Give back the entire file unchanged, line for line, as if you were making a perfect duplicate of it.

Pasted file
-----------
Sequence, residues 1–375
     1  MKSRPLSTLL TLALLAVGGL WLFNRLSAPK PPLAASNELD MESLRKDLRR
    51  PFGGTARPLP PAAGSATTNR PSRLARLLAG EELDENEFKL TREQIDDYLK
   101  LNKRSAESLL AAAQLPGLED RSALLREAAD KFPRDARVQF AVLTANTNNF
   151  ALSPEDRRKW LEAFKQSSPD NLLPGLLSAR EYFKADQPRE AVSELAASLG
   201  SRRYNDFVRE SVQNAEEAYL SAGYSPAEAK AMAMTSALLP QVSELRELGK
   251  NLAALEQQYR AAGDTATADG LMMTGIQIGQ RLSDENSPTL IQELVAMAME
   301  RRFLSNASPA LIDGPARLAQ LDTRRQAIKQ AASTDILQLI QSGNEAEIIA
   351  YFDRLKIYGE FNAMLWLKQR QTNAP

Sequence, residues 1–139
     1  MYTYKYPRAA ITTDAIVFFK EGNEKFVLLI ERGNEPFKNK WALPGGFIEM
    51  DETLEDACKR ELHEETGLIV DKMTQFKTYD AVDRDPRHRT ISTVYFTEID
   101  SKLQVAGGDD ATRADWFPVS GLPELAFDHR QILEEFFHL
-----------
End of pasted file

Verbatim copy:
Sequence, residues 1–375
     1  MKSRPLSTLL TLALLAVGGL WLFNRLSAPK PPLAASNELD MESLRKDLRR
    51  PFGGTARPLP PAAGSATTNR PSRLARLLAG EELDENEFKL TREQIDDYLK
   101  LNKRSAESLL AAAQLPGLED RSALLREAAD KFPRDARVQF AVLTANTNNF
   151  ALSPEDRRKW LEAFKQSSPD NLLPGLLSAR EYFKADQPRE AVSELAASLG
   201  SRRYNDFVRE SVQNAEEAYL SAGYSPAEAK AMAMTSALLP QVSELRELGK
   251  NLAALEQQYR AAGDTATADG LMMTGIQIGQ RLSDENSPTL IQELVAMAME
   301  RRFLSNASPA LIDGPARLAQ LDTRRQAIKQ AASTDILQLI QSGNEAEIIA
   351  YFDRLKIYGE FNAMLWLKQR QTNAP

Sequence, residues 1–139
     1  MYTYKYPRAA ITTDAIVFFK EGNEKFVLLI ERGNEPFKNK WALPGGFIEM
    51  DETLEDACKR ELHEETGLIV DKMTQFKTYD AVDRDPRHRT ISTVYFTEID
   101  SKLQVAGGDD ATRADWFPVS GLPELAFDHR QILEEFFHL